Minnesota Zoo’s 3-week-old Amur Tiger cub is growing strong and thriving under round-the-clock care from a crew of dedicated zoo keepers. Born on June 17, the cub was removed from first-time mother Angara because she was not caring for her baby. The cub is being hand-raised by zoo keepers.
Zoo staffers report that the female cub is very active and feeds every four hours, day and night. The cub weighs 5.5 pounds and her eyes are now open. Mother Tigers normally wash their cubs by licking them with their rough, sandpapery tongue. To bathe this cub, zoo keepers gave the cub a bath with the help of water, soap, and a thick towel. The result: a clean and fluffy cub!
The largest of all cats and one of six remaining tiger subspecies, Amur Tigers are a top predator of far eastern Asia. Thick fur and padded paws protect them against the extreme cold and icy winds of winter, while stripes help render them nearly invisible to prey. Amur Tigers are carnivores, eating mostly large mammals such as deer and wild boar. They will travel over extensive forest territories in search of food. With stealth, speed, and sheer strength, Amur Tigers are well-suited to their role as a hunter.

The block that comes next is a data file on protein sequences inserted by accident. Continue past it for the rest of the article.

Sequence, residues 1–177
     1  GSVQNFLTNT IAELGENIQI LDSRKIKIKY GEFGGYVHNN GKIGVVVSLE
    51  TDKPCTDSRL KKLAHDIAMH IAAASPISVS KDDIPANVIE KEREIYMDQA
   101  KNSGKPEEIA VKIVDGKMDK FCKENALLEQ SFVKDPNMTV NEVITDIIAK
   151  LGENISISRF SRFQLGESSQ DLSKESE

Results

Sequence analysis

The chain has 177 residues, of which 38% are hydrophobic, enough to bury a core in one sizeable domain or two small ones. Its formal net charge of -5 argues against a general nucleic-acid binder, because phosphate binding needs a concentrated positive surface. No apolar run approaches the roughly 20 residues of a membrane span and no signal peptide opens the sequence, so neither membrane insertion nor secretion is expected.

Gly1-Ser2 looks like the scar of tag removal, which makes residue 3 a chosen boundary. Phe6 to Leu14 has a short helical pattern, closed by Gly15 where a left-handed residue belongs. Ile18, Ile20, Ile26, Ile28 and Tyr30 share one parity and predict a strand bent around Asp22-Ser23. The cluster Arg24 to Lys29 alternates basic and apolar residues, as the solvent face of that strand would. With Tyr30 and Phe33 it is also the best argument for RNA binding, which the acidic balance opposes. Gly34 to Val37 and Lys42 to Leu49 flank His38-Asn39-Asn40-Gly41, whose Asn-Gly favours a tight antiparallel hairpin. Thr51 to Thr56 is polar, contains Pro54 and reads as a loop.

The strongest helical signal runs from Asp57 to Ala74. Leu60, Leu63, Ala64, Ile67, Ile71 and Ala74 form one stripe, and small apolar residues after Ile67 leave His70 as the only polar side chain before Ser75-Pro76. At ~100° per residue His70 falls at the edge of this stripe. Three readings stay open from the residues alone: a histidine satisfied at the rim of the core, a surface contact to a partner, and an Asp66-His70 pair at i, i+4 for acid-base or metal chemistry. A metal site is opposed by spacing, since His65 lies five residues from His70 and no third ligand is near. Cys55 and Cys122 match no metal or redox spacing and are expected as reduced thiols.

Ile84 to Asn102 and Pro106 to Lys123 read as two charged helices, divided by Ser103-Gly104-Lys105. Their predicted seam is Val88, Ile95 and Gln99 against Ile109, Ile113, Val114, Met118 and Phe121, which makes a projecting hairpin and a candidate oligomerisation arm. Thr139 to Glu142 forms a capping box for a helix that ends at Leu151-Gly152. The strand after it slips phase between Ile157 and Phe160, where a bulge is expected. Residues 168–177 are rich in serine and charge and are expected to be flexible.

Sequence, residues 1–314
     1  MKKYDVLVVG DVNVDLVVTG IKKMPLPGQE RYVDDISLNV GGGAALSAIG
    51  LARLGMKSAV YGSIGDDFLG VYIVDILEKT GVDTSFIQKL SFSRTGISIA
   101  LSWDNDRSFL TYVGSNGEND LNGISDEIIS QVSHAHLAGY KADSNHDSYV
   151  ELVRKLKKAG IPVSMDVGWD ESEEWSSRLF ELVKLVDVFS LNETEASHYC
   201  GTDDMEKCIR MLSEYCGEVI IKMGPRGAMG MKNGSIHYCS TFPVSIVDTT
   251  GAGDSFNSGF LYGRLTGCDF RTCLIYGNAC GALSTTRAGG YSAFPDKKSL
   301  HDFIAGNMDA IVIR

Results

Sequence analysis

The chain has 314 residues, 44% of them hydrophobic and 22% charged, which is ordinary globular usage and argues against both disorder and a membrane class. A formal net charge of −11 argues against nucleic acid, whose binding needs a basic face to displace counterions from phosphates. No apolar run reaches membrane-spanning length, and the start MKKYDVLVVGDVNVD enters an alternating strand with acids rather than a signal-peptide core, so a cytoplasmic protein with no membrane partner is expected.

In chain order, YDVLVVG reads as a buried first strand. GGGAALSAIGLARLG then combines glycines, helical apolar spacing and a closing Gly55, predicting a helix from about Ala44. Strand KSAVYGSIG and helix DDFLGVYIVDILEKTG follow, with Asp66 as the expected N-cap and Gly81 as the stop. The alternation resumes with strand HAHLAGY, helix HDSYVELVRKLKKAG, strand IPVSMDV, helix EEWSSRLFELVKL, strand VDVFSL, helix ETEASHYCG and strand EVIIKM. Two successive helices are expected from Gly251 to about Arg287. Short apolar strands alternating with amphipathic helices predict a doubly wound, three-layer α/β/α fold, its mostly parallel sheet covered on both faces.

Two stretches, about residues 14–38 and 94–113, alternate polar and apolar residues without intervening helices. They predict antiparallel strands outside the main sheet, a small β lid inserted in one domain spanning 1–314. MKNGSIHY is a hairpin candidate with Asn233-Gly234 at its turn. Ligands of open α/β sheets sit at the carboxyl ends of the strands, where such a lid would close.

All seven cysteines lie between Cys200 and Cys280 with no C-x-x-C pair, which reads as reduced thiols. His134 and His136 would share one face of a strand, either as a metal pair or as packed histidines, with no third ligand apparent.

Amur Tigers’ home range, reputation as a threat to livestock and humans, and value to poachers has led to their population decline. Around 1940, wild Amur Tiger populations in Russia were estimated to be as low as 20 or 30 individuals. In 2005, scientists estimated that the population had recovered to 430-500 individuals, but it is thought that wild Amur Tigers have declined since then to about 350. Concerted conservation efforts help protect the remaining endangered tigers from the persistent threats of poaching and habitat loss.